Graves' disease represents a basic defect in the immune system, causing production of immunoglobulins (antibodies) which stimulate and attack the thyroid gland causing growth of the gland and overproduction of thyroid hormone. It is leading cause of hyperthyroidism. Symptoms include hand tremor, weight loss, insomnia, anxiety, restlessness, sensitivity to heat, frequent urination, rapid pulse or irregular heart rhythms. Graves' disease is not curable, but is a completely treatable disease. The more serious complications of prolonged, untreated, or improperly treated Graves' disease include weakened heart muscle leading to heart failure; osteoporosis, or possible severe emotional disorders.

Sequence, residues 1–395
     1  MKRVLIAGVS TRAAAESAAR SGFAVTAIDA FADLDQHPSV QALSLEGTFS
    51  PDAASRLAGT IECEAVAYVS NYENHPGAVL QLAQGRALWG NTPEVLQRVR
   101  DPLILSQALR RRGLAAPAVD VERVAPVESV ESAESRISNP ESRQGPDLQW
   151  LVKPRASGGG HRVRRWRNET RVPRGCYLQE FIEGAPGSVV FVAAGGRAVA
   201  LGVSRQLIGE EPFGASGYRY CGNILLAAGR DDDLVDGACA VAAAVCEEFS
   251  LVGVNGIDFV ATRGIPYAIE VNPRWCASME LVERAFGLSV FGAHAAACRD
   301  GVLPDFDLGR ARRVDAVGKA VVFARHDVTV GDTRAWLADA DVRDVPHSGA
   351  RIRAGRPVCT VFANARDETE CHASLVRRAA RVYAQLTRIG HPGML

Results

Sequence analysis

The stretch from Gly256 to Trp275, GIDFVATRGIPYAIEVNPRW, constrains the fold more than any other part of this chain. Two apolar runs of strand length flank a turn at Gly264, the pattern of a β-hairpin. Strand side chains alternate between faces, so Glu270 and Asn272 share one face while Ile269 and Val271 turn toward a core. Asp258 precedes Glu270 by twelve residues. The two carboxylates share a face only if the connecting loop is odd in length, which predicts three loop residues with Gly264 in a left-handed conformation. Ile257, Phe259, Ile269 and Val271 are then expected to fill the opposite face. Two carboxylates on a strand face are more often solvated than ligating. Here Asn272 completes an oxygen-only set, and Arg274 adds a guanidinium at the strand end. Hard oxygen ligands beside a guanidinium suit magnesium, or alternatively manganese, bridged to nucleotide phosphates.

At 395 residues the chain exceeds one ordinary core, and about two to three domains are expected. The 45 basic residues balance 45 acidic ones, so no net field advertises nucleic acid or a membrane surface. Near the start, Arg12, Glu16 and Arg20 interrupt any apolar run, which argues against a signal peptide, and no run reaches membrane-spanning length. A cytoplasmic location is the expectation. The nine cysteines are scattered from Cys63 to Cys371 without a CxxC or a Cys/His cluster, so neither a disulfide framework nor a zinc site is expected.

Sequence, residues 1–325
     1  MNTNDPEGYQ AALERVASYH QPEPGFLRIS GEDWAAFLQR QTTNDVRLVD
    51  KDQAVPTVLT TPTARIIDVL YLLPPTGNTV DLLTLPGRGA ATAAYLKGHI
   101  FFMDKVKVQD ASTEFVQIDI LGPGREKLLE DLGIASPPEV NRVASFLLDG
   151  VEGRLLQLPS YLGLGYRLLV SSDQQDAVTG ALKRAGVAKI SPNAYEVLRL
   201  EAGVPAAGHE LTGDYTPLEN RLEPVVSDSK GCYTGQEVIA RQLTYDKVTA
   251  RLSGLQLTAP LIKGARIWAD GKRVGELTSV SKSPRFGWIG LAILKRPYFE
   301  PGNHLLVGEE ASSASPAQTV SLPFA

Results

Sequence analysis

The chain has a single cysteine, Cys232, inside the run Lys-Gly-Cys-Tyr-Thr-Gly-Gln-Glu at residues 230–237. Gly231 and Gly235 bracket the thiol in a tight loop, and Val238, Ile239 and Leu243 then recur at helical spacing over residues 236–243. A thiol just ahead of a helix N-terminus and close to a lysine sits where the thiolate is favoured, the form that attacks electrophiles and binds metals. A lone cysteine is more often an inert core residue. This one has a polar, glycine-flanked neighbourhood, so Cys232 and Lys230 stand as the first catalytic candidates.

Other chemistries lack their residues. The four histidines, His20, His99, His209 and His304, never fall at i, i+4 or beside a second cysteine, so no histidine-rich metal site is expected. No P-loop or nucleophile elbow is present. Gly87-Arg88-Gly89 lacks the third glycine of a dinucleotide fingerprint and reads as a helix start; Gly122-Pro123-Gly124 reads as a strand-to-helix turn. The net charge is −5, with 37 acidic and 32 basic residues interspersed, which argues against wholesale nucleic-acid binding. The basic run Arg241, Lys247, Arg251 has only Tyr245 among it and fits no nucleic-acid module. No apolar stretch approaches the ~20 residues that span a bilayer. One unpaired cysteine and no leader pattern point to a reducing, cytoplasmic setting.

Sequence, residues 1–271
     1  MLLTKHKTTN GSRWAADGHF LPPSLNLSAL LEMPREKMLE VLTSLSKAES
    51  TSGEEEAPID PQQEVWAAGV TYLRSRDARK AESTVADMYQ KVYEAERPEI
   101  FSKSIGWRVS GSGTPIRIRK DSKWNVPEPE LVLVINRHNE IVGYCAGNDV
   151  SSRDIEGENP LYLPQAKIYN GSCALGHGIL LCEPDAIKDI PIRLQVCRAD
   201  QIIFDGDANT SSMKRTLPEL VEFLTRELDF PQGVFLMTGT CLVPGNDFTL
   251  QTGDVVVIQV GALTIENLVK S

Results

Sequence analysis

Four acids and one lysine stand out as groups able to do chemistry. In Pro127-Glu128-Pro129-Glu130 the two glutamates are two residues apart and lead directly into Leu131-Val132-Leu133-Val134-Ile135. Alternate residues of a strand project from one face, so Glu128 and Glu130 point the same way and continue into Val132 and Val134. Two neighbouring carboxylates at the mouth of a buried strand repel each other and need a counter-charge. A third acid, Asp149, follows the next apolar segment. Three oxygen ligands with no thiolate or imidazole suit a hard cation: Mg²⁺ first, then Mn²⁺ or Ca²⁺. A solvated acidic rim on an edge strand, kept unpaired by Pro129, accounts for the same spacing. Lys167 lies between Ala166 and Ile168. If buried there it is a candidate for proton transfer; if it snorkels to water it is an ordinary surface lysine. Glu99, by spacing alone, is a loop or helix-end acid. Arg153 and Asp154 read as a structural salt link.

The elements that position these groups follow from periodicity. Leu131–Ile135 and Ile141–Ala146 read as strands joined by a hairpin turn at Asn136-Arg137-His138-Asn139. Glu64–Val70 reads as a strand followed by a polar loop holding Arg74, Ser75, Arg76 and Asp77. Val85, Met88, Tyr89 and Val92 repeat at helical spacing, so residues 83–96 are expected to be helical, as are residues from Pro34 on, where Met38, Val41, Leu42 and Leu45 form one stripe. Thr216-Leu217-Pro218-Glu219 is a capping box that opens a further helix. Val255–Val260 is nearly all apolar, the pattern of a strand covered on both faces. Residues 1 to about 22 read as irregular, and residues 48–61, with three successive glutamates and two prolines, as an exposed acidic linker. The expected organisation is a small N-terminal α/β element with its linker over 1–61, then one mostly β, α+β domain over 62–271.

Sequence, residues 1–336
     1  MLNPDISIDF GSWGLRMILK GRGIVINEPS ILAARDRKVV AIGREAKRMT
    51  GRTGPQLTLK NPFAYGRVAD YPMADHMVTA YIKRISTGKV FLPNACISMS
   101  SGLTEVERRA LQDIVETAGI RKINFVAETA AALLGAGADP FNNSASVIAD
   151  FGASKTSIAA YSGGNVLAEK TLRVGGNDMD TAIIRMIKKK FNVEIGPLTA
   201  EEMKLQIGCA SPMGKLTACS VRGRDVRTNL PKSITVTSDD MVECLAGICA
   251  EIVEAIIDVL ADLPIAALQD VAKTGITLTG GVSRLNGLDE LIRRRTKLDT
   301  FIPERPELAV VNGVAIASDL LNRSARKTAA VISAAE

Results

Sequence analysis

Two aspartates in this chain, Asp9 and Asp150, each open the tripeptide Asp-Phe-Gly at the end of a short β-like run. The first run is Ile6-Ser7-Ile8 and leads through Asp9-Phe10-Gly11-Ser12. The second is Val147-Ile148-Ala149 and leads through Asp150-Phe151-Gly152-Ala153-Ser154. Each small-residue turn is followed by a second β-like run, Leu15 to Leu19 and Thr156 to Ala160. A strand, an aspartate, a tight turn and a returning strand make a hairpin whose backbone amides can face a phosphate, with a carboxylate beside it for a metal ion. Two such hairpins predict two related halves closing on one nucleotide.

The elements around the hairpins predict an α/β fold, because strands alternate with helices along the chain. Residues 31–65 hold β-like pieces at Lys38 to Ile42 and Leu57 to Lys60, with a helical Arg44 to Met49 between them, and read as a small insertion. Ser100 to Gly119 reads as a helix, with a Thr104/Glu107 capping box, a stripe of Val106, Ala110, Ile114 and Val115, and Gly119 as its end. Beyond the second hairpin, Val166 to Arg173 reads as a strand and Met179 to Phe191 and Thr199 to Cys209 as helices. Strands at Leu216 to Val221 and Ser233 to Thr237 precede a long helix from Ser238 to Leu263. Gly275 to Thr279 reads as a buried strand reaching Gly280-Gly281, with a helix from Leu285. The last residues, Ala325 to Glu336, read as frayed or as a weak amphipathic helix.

There are several elements contributing to the development of Graves' disease. A genetic predisposition to autoimmune disorders, and infections and stress play a part. Graves' disease may have its onset after an external stressor. In other instances, it may follow a viral infection or pregnancy. Many times the exact cause of Graves' disease is simply not known. It is not contagious, although it has been known to occur coincidentally between husbands and wives.
Graves' disease occurs in less that 0.025% of the population. It is more prevalent among females (8:1 more than men) and during middle age, although it also occurs in children and in the elderly.